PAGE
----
ADGR 770201 Mobilizing for Change
Material factors (trade, investment, production of goods and services, and resources consumption) are discussed first when the topic of globalization is raised, and prevail over non-economic factors that relate to the human condition. Whereas material factors determine economic success or failure, non-economic factors profoundly affect globalization. Course examines the fundamentals of globalization from an economic and non-economic perspective. Topics range include international trade, finance, aid, migration, ideas, and policy. Looks at where the factors overlap, cause individuals to re-evaluate their trust in and reliance upon governments, non-government organizations, or employers to sustain them, and their loyalties to family, nationality and culture.
Mon, 6:30–9:00, Aug 31–Dec 14, Peggy Connolly
THE FOLLOWING WOODS COLLEGE GRADUATE COURSES ARE AVAILABLE TO DEGREE AND NON-DEGREE STUDENTS.
Core requirements for students admitted on or after June 01, 2014
ADGR 770301 Research Methods and Data Analysis
This course introduces students to basic social science research methods. The primary objective is for students to learn to read and evaluate research as well as create contributions to their chosen profession or field of research. By the end of the course, students will be more knowledgeable of basic research design and statistical methods. Additionally, students will better understand how to use research findings to improve and enhance their professional roles.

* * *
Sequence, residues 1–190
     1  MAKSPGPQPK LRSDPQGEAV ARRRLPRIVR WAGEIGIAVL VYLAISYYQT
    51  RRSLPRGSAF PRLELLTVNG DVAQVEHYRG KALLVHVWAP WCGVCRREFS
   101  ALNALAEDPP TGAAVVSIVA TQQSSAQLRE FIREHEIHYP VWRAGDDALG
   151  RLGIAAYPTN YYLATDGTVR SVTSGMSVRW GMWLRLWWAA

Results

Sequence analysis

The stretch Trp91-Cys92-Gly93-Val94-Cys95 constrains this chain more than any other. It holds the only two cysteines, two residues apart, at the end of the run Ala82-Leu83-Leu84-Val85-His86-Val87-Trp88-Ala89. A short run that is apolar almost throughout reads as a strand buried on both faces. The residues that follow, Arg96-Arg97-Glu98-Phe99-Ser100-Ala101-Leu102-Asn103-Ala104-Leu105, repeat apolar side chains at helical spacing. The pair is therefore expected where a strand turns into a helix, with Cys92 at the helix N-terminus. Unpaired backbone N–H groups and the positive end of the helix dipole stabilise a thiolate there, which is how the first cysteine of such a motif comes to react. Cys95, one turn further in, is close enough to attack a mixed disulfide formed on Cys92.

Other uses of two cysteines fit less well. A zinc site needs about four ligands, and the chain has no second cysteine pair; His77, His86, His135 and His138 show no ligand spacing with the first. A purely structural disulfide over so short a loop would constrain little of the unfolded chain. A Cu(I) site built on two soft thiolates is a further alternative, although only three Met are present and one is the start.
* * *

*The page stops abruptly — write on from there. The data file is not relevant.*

Note: This course is required for all students who entered the MS in Administrative Studies Program AFTER June 1, 2014. Please see an academic advisor to ensure appropriate placement in courses.
Wed, 6:30–9:00, Sept 2–Dec 16, Brian Becker
ADGR 7708 Project Management
ADGR770801 - Prof Coakley
ADGR770802 - Prof. Chirkova
This course introduces students to the basic tenets and components involved in project management. The primary objective is to provide frameworks that make it possible to track and measure project performance, overcome challenges, and adapt to changes in a variety of professional environments. Specific topics covered in the course include project scope, time, cost, quality, human resources, communications, risk and stakeholder management and a variety of other operational issues that emerge during project
planning, initiation, monitoring, and execution.
ADGR770801 Tues, 4:30-6:50, Sept 1-Dec 15, Charles Coakley
ADGR770802 FIVE SATURDAYS , 9:00 am–4:00 pm
Sept 12, Oct 3, Oct 17, Oct 31, and Nov 14, Aza Chirkova